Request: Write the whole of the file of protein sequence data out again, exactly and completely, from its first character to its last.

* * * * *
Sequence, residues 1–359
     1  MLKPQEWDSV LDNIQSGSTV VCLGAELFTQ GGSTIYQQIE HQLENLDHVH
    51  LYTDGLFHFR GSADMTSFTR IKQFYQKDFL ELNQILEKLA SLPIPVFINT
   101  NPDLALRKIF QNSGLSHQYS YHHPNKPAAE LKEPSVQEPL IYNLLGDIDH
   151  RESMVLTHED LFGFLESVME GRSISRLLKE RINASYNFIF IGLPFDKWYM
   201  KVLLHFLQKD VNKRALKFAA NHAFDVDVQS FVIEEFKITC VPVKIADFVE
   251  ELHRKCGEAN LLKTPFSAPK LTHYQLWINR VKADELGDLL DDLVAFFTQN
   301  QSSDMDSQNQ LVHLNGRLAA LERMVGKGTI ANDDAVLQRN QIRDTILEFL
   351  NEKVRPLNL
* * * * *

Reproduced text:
Sequence, residues 1–359
     1  MLKPQEWDSV LDNIQSGSTV VCLGAELFTQ GGSTIYQQIE HQLENLDHVH
    51  LYTDGLFHFR GSADMTSFTR IKQFYQKDFL ELNQILEKLA SLPIPVFINT
   101  NPDLALRKIF QNSGLSHQYS YHHPNKPAAE LKEPSVQEPL IYNLLGDIDH
   151  RESMVLTHED LFGFLESVME GRSISRLLKE RINASYNFIF IGLPFDKWYM
   201  KVLLHFLQKD VNKRALKFAA NHAFDVDVQS FVIEEFKITC VPVKIADFVE
   251  ELHRKCGEAN LLKTPFSAPK LTHYQLWINR VKADELGDLL DDLVAFFTQN
   301  QSSDMDSQNQ LVHLNGRLAA LERMVGKGTI ANDDAVLQRN QIRDTILEFL
   351  NEKVRPLNL